So, by now the family have not only had a heartfelt chat about death and arranging Wills but are now sometime into a rather deep discussion about what happens if either Mum or Dad lose their ability to make decisions for themselves.

As with a lot of kids, the usual comment is “Well of course nothing like that is ever going to happen to you Mum. But if it does, you’re not to worry, we’ll just sort out the Bank and your Savings for you!”

Now you’ll probably see a common trait trending in my blogs which allude to the theory of “If only it was that simple”.

Firstly, according to the SCIE (Social Care Institute for Excellence) there are approximately Two Million people in the UK that lack the mental capacity to make decisions for themselves – I’ll say that again TWO MILLION!

Secondly, if someone you love and care for does lose their Mental Capacity, then it doesn’t matter how close you are to them, no financial institution will allow you anywhere near their Savings or Investments or Loans etc. unless you have a joint account with them.

Similarly, if they must go into hospital or have any form of medical care you won’t have any say on their treatment on that score either!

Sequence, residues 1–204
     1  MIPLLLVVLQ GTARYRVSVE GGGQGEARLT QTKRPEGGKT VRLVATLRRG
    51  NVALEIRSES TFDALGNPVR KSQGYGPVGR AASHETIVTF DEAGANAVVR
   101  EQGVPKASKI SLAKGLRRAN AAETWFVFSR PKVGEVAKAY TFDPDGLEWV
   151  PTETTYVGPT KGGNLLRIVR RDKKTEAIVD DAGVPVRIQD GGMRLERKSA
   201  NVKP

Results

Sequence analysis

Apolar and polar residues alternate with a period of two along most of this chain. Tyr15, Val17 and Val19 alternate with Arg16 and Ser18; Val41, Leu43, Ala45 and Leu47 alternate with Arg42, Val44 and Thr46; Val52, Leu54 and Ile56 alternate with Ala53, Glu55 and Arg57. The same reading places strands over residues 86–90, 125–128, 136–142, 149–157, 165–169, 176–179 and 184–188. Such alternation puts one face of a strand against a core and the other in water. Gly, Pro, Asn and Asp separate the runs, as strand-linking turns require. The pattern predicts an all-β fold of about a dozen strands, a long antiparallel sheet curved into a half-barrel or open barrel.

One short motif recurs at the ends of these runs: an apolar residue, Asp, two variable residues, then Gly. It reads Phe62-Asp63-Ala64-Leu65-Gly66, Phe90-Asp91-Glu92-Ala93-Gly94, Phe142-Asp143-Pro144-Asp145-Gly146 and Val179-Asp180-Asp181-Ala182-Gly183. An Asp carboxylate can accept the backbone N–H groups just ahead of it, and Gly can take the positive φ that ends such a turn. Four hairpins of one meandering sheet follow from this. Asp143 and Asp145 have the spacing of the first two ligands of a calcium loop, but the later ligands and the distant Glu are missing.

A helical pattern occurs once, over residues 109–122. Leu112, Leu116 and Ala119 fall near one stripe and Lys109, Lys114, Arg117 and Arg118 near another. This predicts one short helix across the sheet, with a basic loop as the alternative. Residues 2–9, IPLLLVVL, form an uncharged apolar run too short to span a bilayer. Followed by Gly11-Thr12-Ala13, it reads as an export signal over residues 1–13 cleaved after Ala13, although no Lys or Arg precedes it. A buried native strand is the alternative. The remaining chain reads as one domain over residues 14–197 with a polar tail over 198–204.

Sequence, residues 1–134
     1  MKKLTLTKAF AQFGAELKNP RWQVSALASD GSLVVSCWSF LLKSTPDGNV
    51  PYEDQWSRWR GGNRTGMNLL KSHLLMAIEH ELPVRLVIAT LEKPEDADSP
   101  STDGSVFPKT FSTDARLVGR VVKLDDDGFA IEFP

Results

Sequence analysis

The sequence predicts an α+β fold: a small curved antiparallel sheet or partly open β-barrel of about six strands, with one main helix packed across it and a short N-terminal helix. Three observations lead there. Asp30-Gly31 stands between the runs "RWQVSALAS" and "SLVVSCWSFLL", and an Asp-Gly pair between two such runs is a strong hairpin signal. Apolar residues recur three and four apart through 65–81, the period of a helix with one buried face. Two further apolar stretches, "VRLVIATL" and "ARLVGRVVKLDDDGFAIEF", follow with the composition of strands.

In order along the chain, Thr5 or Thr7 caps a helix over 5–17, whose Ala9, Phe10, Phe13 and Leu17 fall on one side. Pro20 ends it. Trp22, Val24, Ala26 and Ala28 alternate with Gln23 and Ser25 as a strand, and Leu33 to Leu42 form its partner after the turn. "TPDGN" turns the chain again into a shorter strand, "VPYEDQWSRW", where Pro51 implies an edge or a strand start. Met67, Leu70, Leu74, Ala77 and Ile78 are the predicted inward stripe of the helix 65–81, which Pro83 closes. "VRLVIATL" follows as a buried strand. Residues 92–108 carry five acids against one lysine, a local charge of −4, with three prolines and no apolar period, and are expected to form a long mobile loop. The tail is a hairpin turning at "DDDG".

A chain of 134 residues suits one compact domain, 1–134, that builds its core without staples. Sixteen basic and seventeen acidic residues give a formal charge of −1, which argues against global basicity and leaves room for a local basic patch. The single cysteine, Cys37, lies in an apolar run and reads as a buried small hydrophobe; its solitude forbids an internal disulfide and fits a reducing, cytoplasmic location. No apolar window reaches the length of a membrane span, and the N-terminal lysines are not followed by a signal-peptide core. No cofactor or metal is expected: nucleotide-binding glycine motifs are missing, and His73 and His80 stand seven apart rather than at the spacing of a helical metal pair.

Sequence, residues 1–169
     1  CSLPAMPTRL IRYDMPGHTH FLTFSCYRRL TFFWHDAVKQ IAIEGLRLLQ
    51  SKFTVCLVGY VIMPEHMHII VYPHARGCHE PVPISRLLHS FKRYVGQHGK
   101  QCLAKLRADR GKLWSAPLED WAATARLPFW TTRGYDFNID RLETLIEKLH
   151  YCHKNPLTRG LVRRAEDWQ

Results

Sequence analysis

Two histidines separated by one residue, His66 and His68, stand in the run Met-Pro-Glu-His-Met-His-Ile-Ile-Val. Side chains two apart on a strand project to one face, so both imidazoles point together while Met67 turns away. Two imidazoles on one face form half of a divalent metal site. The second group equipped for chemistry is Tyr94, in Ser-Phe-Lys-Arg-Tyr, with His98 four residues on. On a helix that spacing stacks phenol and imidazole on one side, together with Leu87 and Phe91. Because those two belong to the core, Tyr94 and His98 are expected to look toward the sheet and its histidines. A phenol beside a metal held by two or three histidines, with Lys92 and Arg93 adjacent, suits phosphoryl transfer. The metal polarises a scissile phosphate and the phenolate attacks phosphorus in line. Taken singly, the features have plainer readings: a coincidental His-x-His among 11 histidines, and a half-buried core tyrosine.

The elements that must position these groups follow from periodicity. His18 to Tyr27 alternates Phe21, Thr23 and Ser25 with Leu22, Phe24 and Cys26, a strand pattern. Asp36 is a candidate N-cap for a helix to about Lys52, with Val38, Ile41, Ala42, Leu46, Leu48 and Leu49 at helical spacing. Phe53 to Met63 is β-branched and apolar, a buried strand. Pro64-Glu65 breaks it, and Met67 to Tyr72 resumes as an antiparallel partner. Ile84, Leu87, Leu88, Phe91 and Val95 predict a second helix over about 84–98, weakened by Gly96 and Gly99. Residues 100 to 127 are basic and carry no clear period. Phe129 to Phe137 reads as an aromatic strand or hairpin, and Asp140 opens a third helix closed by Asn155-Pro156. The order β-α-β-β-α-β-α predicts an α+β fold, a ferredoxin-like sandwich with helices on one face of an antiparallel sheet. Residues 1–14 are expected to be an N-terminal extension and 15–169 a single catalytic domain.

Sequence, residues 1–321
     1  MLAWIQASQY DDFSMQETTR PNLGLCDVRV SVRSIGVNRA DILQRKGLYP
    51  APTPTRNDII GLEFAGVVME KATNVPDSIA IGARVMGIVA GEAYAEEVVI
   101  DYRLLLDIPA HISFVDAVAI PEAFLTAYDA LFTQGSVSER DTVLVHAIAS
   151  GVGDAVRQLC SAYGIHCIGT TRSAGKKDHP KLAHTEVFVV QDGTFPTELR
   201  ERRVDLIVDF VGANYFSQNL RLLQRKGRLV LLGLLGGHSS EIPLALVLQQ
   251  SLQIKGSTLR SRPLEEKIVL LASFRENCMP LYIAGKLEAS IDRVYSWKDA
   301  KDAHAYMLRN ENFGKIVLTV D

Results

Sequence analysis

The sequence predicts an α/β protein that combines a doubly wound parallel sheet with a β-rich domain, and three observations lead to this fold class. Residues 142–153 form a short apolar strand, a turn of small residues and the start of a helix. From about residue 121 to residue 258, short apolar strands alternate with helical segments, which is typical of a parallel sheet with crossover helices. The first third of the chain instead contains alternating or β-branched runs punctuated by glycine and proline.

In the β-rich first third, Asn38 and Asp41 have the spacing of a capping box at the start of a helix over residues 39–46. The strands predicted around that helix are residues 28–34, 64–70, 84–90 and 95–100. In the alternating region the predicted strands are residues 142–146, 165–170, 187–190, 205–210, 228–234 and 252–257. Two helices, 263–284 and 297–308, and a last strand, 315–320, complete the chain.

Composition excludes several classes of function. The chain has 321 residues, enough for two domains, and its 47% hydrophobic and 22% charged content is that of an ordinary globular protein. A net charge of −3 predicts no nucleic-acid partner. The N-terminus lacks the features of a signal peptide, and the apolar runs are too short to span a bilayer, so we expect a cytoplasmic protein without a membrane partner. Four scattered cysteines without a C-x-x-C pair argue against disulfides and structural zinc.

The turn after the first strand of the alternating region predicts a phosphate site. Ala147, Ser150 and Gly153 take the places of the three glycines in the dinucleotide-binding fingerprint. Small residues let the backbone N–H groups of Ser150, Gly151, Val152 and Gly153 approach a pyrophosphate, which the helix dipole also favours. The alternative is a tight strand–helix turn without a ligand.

The Answer is Simple!

The answer (as with a lot of what I’m writing about of late) is actually quite simple, if you speak to someone who can actually help and guide you, someone like me.

The most effective thing to do is to draw up what is called a Lasting Power of Attorney (or LPA) for your loved one BEFORE they lose capacity.

You can set one up to cover their Finances, and one to cover their Health and Welfare. In it they name specifically who they want to look after their affairs (this person is called the Attorney).

I can help you with this, of course after speaking to the person it’s being set up for, or the “Donor”.

I facilitate the completion of the forms and paperwork, and ensure that you sign all the forms correctly, confirm that the Donor understands what’s happening, and then submit it to the specific Government Department that deals with LPA’s, called the Office of the Public Guardian (OPG).

Once they’ve registered the LPA it’s ready to be used whenever necessary and you can relax! It’s there, safe and ready and waiting. And no, it doesn’t ever run out of date.

A word of warning though, if you try to do this after someone loses capacity it’s a much more difficult process:

  • As not only do you have to convince the OPG that the Donor wanted you as their Attorney.

  • But you must keep incredibly detailed records of everything you do, produce a yearly report to show what you’ve done and pay a yearly fee!

So now, back to our Family who are gradually learning more about Death and Disability than they had ever anticipated, over that dining table!

The kids are now going to speak to someone (hopefully me) about setting up LPA’s for Mum and Dad. And Mum and Dad are now thinking about doing the same thing for their elderly parents because it’s always better to be safe than sorry!

If any of this sounds familiar to you, I can genuinely help you out. I’ll deal with it quickly and effectively. And with a cost that won’t make you lose your own Mental Capacity!

Till next month stay safe dear readers.

And a belated Happy New Year!